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Minyan Mailbag: This Market is Impressible



Professor Succo,

Obviously the financials have shown excellent relative strength despite a rising interest rate environment and what seems like substantial credit/mortgage risk. Perhaps I am over thinking this, but the markets seem to be discounting an end to interest rate hikes, cheap oil, or something more obscure.

Did Fannie Mae (FNM), JPMorgan (JPM), and their ilk suddenly become 'less risky' or is it just 'traders being traders?'


Minyan Ron


Impressive is not the word I would use for the action I see in stocks in general. Our president conveniently invented a new word this morning, "impressible," that seems to aptly describe what I see.

The stock market has almost always been an impressive "crystal ball" if you will, discounting future economic paths readily through millions of individual investors who seek to maximize their return for risk. But "impressible" more aptly describes that crystal ball today as it has been clouded with intervention of all kinds from monetary and fiscal policy to outright buying of bonds and stocks by the government conditioning investors to believe rescue is always near. The necessary discounting process I believe has been interrupted.

As readers shake their heads thinking "conspiracy" theory and stop reading, I continue to write having substantial circumstantial evidence on my side. The Federal Reserve itself has said that they would take measures like this to keep the "asset" ball rolling. Market action (stocks unnaturally going up faster and more violently than they go down) as rumors of 990N buying at strategic times, and again on Friday, are substantiated by my contacts.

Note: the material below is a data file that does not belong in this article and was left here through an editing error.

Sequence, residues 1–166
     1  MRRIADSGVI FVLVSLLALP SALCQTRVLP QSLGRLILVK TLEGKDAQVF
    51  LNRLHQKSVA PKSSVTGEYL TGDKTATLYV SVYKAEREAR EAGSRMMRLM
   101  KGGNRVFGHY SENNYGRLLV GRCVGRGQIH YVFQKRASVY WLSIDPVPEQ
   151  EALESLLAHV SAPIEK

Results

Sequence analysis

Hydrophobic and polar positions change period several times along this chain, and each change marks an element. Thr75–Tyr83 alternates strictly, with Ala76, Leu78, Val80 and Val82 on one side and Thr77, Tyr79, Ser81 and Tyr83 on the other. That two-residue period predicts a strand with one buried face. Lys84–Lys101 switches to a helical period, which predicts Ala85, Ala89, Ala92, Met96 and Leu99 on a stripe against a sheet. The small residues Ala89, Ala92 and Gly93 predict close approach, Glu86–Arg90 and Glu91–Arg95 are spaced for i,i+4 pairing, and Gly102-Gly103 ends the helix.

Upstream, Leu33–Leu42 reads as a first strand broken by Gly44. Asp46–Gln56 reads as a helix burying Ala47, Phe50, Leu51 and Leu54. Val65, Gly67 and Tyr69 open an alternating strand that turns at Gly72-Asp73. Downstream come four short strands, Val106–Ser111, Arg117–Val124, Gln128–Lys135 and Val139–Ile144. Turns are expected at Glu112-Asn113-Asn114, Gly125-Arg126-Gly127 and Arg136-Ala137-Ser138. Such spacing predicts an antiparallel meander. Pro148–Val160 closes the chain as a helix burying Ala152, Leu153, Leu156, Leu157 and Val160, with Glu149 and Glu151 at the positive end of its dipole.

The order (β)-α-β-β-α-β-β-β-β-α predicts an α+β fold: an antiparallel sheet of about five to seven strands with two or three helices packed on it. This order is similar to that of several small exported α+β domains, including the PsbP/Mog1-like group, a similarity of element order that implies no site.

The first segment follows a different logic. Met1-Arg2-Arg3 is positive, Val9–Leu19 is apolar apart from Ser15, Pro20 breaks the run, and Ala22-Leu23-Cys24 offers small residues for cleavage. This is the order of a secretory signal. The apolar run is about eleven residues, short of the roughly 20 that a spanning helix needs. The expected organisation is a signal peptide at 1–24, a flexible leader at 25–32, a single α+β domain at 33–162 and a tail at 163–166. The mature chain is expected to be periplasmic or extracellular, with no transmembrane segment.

The facts betray the action as "real money," that which incorporates velocity, continue to decline rapidly. Savers are no longer as the consumer is addicted to a borrow and spend mentality: there is a point where more risk is taken because there is little hope (the gambler betting what's left).

The financials are a place where the last of the money goes. Certainly Citicorp can make money where others can't, the thinking goes. It's a cheap stock if we only look at today's earnings. But it isn't when we look at tomorrow's risks: a flatter yield curve along with rising rates and burgeoning systematic debt. Don't get me started on the concentration of derivatives.

And so I see the process of compression continuing.



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